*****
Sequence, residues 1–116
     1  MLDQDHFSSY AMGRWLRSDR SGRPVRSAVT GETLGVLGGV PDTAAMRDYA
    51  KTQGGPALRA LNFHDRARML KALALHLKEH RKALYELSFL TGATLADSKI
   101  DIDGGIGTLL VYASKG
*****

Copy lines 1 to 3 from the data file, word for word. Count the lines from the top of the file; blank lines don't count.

Sequence, residues 1–116
     1  MLDQDHFSSY AMGRWLRSDR SGRPVRSAVT GETLGVLGGV PDTAAMRDYA
    51  KTQGGPALRA LNFHDRARML KALALHLKEH RKALYELSFL TGATLADSKI